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Reviewed by Jamey Codding
The primary complaint from all those old-school BEP fans is that, while the music featured on 1998’s Behind the Front and 2000’s Bridging the Gap had a strong rap and hip-hop flavor, Elephunk, and now Monkey Business, have migrated more toward the pop realm. Well, they’re right. But at the same time, the seeds for Elephunk and Monkey Business were unmistakably planted on the Peas’ first two albums. They’ve always been tough to categorize, mixing heavy doses of funk and reggae into their early work, and that experimentation has naturally progressed over time, leaving us with Monkey Business.
Eclectic, diversified and a hell of a lot of fun, the beats laid down on this disc could keep a club hopping till dawn breaks. A killer sample of surf-guitar king Dick Dale’s classic “Misirlou” kicks the album off in fifth gear, with a mariachi trumpet backing some typically effusive Peas lyrics that get right down to business: “Niggas wanna hate on us/Niggas be envious/And I know why they hatin’ on us/‘Cause our style’s so fabulous.” “Don’t Phunk With My Heart,” a declaration of fidelity that’ll be blasting throughout dance clubs all summer, is enjoyable enough, but a questionable choice as the album’s first single, considering all the other tracks there were to choose from. And while the cameo from Justin Timberlake on the funky “My Style” only adds fuel to the “sellout” fire, try listening to the song without bobbing your head and singing along with Britney’s ex on the chorus. Then there’s “Don’t Lie,” a song that deserves to be played with the volume cranked and the car windows wide open. And if you like “Don’t Lie,” you’ll love “Gone Going” which, like “Don’t Lie,” opens with some catchy acoustic guitar pluckings and boasts a perfect sample of Jack Johnson’s “Gone.”
The only misstep is the final cut, “Union,” this album’s “Where is the Love,” which includes some vocals from Sting. While the song’s heart is in the right place – “Let’s live in unison/Calling every citizen” – it feels forced and gimmicky, sentiments the sellout crowd would no doubt agree with. But even for the disillusioned, there’s the aforementioned “Like That,” which could’ve been plucked from either of the Peas’ first two albums. Featuring silky smooth guest rhymes from C-Lo, John Legend, Talib Kweli and, most notably, Q-Tip, “Like That” contends for the album’s best song, which suggests that the old-schoolers may have a point. Of course, this is as close as the Peas ever get to a straight rap song, so if you want a rap album, pick up Fitty Cent’s latest.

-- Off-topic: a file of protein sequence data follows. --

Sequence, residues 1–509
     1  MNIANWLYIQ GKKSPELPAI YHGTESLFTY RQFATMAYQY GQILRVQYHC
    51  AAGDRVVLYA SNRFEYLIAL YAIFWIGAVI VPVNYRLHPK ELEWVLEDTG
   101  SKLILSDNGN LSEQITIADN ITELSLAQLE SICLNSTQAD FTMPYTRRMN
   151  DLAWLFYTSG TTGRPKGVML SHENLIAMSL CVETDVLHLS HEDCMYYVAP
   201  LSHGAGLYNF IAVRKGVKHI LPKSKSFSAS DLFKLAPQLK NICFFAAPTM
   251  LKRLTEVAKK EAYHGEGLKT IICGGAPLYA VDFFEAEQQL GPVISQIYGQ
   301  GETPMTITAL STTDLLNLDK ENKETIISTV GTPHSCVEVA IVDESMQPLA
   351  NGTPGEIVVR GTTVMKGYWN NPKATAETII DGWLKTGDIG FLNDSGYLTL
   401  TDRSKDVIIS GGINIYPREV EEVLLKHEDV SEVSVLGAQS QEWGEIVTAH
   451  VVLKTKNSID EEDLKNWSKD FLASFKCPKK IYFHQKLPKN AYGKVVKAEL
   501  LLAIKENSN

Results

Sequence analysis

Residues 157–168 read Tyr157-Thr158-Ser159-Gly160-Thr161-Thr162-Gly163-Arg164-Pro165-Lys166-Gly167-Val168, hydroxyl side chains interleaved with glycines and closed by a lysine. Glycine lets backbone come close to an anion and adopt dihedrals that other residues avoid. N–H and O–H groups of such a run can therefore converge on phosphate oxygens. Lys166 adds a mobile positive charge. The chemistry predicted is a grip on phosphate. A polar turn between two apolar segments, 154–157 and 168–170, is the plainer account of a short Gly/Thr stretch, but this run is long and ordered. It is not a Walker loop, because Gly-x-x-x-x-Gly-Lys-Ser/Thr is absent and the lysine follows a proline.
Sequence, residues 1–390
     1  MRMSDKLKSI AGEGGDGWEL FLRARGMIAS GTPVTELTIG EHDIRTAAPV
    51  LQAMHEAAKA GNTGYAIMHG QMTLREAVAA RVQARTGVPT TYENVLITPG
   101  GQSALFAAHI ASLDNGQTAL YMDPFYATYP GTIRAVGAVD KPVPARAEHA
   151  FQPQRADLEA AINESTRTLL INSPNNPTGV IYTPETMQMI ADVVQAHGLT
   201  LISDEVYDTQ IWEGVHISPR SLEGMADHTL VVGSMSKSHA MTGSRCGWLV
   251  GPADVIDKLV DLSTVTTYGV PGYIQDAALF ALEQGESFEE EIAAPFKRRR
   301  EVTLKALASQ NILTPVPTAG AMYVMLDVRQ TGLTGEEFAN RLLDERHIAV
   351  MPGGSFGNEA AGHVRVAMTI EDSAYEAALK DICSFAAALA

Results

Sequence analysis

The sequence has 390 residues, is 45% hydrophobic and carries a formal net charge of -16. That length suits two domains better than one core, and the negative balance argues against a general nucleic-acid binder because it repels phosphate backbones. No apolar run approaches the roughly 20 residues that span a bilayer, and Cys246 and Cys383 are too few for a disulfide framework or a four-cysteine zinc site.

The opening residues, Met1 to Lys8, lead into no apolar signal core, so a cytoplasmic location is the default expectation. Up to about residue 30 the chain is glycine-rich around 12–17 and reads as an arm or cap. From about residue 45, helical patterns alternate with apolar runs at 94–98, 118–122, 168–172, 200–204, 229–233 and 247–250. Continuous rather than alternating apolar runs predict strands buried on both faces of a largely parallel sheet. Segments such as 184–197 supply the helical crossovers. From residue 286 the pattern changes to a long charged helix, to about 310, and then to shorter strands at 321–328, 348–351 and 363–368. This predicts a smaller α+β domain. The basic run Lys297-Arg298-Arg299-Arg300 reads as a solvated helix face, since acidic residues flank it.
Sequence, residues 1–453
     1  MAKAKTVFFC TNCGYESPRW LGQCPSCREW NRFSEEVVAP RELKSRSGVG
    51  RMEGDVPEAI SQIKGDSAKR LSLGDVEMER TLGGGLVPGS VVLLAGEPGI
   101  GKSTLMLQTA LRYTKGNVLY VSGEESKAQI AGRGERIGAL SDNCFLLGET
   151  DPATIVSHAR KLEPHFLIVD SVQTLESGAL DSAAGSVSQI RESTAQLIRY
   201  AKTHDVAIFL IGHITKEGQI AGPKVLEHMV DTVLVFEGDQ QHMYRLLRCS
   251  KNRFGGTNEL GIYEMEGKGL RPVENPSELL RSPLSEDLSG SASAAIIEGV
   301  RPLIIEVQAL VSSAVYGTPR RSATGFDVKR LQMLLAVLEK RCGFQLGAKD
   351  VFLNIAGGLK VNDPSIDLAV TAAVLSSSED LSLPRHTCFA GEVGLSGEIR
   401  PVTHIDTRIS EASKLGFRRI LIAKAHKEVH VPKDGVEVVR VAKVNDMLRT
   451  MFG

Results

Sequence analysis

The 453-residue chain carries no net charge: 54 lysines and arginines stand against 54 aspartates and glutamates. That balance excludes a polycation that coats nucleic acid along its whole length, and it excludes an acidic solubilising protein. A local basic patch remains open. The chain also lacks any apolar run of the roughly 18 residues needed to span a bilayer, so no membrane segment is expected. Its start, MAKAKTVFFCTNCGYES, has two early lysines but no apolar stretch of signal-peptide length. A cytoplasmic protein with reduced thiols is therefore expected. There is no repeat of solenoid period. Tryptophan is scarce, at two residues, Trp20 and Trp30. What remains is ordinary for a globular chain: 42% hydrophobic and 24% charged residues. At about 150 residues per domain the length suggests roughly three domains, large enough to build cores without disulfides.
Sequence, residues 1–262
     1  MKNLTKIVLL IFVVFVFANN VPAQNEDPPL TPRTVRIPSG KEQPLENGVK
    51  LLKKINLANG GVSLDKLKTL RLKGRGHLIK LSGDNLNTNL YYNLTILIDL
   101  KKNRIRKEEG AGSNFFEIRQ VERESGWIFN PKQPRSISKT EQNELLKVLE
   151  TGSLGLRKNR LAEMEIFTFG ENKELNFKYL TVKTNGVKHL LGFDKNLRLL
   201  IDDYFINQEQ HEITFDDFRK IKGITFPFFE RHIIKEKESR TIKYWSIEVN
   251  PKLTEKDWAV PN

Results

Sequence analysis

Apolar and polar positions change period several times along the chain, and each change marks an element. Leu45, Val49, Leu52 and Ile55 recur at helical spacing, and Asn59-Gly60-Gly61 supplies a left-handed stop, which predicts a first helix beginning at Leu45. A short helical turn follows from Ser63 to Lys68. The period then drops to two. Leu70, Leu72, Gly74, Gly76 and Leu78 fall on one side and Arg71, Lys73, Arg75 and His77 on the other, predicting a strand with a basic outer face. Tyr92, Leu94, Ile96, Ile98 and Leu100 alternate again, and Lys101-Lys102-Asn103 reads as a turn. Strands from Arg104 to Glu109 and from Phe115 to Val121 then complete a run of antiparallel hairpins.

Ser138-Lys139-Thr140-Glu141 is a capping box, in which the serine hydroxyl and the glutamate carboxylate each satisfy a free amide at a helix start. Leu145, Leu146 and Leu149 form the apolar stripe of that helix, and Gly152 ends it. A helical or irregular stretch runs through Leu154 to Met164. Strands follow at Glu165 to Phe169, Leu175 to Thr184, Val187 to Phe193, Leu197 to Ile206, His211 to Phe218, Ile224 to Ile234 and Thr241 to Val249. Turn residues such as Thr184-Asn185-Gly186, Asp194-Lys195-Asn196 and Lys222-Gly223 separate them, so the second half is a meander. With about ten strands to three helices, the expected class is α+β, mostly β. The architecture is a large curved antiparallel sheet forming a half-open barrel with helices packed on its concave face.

If, however, you’re looking for something that spans the music spectrum, that dares to go in one distinct direction on one song and then the completely opposite direction on the next, you’ll want to give Monkey Business your full attention. There’s nothing particularly innovative here, but what sets this latest Black Eyed Peas release apart is that, while there are other artists doing songs just like “Pump It, “Don’t Lie” and “Like That,” nobody’s doing it on one album. Does that mean the Black Eyed Peas have sold out? They’re obviously much richer today than they were before they made Elephunk. One of the definitions for the word “sellout” is “a betrayal,” and it’s safe to say that many former Peas fans will feel even more betrayed when they listen to Monkey Business. The rest of us will just keep bobbing our heads along with these sensational beats.